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Home/Curriculum resources/Indigenous Astronomy and the Solar System/Activity 2 - Observing retrograde motion using Stellarium



Year level:

Level 5, Level 6

Suggested timing:

30 minutes

Required resources:

Stellarium app, Laptop/tablet

Scorpius featuring Mars and Saturn in the night sky

Activity 2 - Observing retrograde motion using Stellarium

This activity is a part of the Indigenous Astronomy and the Solar System resource.

Scorpius featuring Mars and Saturn. Photographer: Peter Lieverdink. Source: Flicker. License: CC BY-SA 2.0.

In this activity, students will use the Stellarium digital planetarium to visually explore retrograde motion of planets, observing their positions relative to stars and constellations, and taking notes on their movements. This exercise provides a modern visual aid for understanding retrograde motion and prompts students to consider how Indigenous Peoples in the past observed and recorded such phenomena in their oral traditions without the use of computers.

Step by step guide

Step 1: Familiarise with Stellarium application

See Activity card What is Stellarium? if not familiar with this application.

Step 2: Exploring retrograde motion

It is useful for students to see how retrograde motion works visually, and to provide some local examples. You can use the digital planetarium software Stellarium 0 to accomplish this. This can be done by the teacher at the front of class, or students in smaller groups.

Step 3: Guided exploration with students

Download and open the Stellarium program Desktop application.

Under the “Sky and Viewing Option’ Window on the left (F4 will get you there), click on Markings tab (the fourth entry along the top series of tabs). Select “Ecliptic of date”.

On the “Sky” tab (first tab along the top) in the same window, select “Show Planet Orbits”.

In the “Date/Time” window (hover over the left-hand side of the screen or press F5), move the clock forward to when it is dark. You may need to press ‘P’ to show the night sky.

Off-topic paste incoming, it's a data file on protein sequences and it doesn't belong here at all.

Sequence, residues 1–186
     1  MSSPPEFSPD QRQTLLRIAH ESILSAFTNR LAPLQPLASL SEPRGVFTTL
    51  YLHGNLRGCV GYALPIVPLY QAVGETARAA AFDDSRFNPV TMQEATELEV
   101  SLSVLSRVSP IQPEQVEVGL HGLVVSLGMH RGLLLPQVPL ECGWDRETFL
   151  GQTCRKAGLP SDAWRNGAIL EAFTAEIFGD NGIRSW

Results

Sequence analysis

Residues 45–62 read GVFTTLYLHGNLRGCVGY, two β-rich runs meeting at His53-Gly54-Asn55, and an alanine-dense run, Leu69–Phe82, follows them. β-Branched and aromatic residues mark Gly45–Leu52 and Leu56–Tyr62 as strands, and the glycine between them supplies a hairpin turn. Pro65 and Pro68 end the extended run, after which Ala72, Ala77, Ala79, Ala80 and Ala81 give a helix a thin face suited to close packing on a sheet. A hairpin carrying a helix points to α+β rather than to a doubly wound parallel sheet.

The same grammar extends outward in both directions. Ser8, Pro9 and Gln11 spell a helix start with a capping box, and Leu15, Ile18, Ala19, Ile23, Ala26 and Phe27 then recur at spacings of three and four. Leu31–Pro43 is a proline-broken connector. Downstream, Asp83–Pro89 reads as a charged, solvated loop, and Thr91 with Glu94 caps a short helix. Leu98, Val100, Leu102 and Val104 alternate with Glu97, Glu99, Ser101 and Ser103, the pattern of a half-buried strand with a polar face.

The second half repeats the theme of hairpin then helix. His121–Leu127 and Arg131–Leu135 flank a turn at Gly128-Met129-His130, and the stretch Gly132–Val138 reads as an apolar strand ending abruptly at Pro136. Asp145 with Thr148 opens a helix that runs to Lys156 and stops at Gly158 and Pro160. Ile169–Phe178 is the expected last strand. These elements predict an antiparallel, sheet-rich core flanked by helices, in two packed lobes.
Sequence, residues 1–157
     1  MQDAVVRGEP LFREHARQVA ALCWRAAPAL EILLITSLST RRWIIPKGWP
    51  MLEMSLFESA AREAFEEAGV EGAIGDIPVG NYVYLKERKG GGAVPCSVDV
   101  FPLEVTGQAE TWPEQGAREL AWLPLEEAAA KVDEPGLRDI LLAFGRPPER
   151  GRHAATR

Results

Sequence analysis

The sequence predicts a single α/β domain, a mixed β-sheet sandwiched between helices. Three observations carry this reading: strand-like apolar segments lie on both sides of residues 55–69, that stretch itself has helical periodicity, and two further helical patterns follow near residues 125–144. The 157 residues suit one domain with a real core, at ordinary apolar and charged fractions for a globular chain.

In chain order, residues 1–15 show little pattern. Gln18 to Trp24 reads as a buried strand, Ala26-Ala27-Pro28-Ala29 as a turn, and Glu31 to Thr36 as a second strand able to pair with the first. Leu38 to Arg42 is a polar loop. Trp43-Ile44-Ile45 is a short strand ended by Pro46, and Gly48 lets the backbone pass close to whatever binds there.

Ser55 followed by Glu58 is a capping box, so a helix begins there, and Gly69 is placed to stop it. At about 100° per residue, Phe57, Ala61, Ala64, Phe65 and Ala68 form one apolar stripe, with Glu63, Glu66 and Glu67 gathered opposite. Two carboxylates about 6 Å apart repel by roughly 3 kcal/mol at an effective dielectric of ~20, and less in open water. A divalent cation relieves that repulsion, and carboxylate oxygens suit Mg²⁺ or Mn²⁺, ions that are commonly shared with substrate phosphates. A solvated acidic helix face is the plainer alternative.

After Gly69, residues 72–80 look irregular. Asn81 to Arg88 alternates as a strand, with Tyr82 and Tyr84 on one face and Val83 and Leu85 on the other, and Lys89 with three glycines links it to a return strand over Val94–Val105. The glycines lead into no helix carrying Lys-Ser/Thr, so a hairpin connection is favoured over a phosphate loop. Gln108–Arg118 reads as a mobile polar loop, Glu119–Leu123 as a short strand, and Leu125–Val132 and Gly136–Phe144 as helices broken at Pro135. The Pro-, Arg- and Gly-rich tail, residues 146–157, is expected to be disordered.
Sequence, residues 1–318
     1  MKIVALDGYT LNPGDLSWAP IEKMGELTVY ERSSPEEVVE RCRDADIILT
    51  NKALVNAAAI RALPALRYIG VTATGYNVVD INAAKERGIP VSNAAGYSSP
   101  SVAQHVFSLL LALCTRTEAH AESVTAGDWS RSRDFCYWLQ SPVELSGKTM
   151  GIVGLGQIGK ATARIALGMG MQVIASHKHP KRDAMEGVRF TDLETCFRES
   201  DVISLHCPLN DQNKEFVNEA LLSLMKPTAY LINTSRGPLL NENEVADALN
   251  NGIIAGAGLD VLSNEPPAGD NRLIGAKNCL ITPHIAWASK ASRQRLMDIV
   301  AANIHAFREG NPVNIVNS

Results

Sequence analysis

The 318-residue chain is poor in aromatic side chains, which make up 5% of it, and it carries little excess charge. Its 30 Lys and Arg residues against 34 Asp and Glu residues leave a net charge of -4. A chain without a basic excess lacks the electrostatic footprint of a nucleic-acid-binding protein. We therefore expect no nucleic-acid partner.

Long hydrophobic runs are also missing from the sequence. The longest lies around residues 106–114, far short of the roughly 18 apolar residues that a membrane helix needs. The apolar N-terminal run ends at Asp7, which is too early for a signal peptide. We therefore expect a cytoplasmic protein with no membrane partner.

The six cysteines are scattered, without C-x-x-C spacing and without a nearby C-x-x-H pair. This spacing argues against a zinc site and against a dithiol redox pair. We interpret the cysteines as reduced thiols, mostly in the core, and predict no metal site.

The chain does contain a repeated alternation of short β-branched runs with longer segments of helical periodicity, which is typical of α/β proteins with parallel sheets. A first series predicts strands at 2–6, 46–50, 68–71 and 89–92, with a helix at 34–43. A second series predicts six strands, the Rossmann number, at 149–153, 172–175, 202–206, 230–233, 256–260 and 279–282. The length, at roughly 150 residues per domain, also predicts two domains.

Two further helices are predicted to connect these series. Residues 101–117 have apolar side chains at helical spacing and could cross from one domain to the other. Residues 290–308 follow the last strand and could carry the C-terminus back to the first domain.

Have the students note the positions of the planets with respect to background stars and constellations.

Move the date forward (but not the time), day by day, so the students can see how the planets move.

Have students take notes by seeing how far the planet is from one or two reference stars each night. Ask them to find out when the planets are moving in retrograde (‘backward’).

Step 3: Independent exploration

Allow the students to play with the program, asking if they can find a date when the planets come into conjunction with the Moon or each other.

This serves as a visual aid, enabling the students to see how careful observations are needed to note things like retrograde motion.

Step 4: Discussion

Without the use of a computer, how did Aboriginal and Torres Strait Islander Peoples in the ancient past observe and record this phenomenon in their oral traditions?

Related activities within this resources:

Scorpius featuring Mars and Saturn in the night sky

Inquiry-based learning questions

These inquiry-based questions are provided for flexible classroom use, allowing teachers to tailor discussion and reflections specific to their classroom needs.

Scorpius featuring Mars and Saturn in the night sky

What is Stellarium?

Discover Stellarium, a digital planetarium that offers a vivid depiction of the night sky worldwide, showcasing the celestial dance of the Sun, Moon, planets, and stars in real-time.

Scorpius featuring Mars and Saturn in the night sky

Activity 1 - Planet nomenclature

In this activity, students will research and share Aboriginal or Torres Strait Islander names for visible planets, explore their ordering by distance and size, and analyse how these names reflect knowledge about the planets, offering insights into cultural perspectives on celestial bodies.

Suggested timing:

30 minutes

Required resources:

Laptop/tablet, Internet access

Scorpius featuring Mars and Saturn in the night sky

Activity 3 - Observing the planets (Homework task)

In this homework activity, students will hone their observational skills by identifying planets in the evening sky without relying on apps or aids.

Required resources:

Star wheel for the southern hemisphere

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